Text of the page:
Lawmakers have to take action to stop the horrors of assault-style weapons

Second Amendment

After another tragic slaughter, this time in Maine, reportedly by an assault-style weapon, we have to endure more tongue-flapping from Republicans about keeping the integrity of the Second Amendment and the need for more mental health resources. While one’s emotional and mental well-being is important and necessary, the importance of legislation focused on assault-style weapons to either prevent or heavily decrease the ownership of such weapons is becoming increasingly paramount and evident.

Many legislators who grandly orate about the importance of safeguarding ownership of all assault-style weapons to preserve Second Amendment rights according to the Constitution are readily and happily endorsing the former president who, by all accounts, worked surreptitiously and mightily to alter the Constitution. Hopefully, these legislators will find a way to take such a stance to alter the Second Amendment through the necessary legislative paths so that Americans will not have to constantly endure the ugliness and horror of continued gun violence from such weapons.

— Barbara Metrik, Wheaton

The U.S. Constitution asserts that the power to govern is derived from the people. We are a republic in which voters elect lawmakers who represent the people. Some Framers refused to sign the Constitution without a promise to amend it immediately with a list of rights that would be free from interference by the federal government.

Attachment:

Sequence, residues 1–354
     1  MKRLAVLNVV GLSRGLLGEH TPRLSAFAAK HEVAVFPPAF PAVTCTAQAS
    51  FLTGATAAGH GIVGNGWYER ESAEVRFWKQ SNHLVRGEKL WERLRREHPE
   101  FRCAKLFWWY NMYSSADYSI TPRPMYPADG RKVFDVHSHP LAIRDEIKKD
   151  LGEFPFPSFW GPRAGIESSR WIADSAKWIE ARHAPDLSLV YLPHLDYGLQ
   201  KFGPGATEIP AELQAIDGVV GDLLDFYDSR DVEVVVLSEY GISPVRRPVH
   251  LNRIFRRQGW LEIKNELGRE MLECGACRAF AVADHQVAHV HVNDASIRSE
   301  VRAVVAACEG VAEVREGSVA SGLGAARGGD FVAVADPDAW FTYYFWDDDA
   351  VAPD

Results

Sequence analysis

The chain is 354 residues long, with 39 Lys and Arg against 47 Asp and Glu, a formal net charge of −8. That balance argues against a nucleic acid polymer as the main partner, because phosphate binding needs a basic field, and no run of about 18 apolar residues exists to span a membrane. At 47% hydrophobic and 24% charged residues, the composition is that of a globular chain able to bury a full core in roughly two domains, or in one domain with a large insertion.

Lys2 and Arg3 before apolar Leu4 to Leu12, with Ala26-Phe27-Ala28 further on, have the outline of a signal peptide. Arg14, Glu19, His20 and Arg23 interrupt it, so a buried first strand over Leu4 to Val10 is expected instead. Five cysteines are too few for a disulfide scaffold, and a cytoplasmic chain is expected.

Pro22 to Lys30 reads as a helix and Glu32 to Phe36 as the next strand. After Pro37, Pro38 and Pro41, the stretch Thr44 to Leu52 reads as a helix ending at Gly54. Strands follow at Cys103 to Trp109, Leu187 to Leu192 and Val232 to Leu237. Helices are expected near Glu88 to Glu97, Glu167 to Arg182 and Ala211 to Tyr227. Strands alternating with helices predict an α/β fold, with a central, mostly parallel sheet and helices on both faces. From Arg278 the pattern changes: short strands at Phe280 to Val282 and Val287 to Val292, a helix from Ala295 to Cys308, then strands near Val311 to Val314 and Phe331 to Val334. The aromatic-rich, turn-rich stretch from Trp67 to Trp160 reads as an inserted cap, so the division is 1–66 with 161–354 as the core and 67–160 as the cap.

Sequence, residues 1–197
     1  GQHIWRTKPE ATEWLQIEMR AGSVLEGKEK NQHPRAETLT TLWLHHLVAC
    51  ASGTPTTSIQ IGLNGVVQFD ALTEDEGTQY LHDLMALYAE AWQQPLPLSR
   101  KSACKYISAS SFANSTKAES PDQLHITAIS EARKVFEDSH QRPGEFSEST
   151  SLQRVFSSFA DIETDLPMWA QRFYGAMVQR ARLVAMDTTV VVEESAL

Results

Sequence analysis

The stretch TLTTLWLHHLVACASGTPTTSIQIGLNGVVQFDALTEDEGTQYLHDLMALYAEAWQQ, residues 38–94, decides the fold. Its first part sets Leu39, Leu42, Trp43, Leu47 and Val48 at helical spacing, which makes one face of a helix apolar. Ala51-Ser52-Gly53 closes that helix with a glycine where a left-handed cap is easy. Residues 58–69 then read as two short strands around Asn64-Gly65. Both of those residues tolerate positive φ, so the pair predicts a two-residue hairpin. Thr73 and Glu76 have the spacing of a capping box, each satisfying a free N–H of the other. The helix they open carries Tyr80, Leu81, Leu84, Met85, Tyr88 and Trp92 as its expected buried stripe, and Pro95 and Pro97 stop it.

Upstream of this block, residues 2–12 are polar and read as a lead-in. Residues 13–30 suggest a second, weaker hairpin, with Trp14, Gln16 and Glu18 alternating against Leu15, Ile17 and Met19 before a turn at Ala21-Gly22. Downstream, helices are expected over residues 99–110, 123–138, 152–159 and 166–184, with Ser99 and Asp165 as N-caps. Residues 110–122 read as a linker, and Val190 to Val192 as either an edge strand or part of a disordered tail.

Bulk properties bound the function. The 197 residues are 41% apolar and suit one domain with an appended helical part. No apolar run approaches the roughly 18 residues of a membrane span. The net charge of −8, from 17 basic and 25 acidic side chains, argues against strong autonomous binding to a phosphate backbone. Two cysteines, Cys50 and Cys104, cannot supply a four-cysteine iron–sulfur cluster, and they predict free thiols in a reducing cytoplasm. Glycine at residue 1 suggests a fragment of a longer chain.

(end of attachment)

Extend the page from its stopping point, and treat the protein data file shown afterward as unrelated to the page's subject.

The first 10 amendments, known as the Bill of Rights, puts fences around the federal government to protect people from a tyrannical government. These rights are designed to protect the masses from overreach.

The Constitution directs those we elect to be representatives of the people, not of a political party, an ideology or special interests. The Framers could not foresee that politicians desperate to keep their party in power would stop legislation they didn’t like, even if the American people wanted it.

The common denominator in mass shootings is assault-style weapons. Not all who engage in mass shootings are suffering from mental illness.

A banning of these weapons is not government overreach but is the will of the American people to provide for their safety and welfare. It is time for those we elect to end this assault on the American people while setting aside common-sense Second Amendment rights for sporting, hunting and protection.

— Jerry Hanson, Elkhorn, Wisconsin

On Wednesday night, another unthinkable mass shooting occurred in Lewiston, Maine. Unthinkable! That word is no longer appropriate.

According to the Gun Violence Archive, the shooting in Maine was the 565th mass shooting in the United States this year. When do we all say we cannot accept that weapons of war are used to kill innocent people? When do we all say that people with mental health issues and histories should not be able to buy assault-style weapons? When do we all say to our government, our politicians and lawmakers: Do something to stop this!

— Frances Moore, Evanston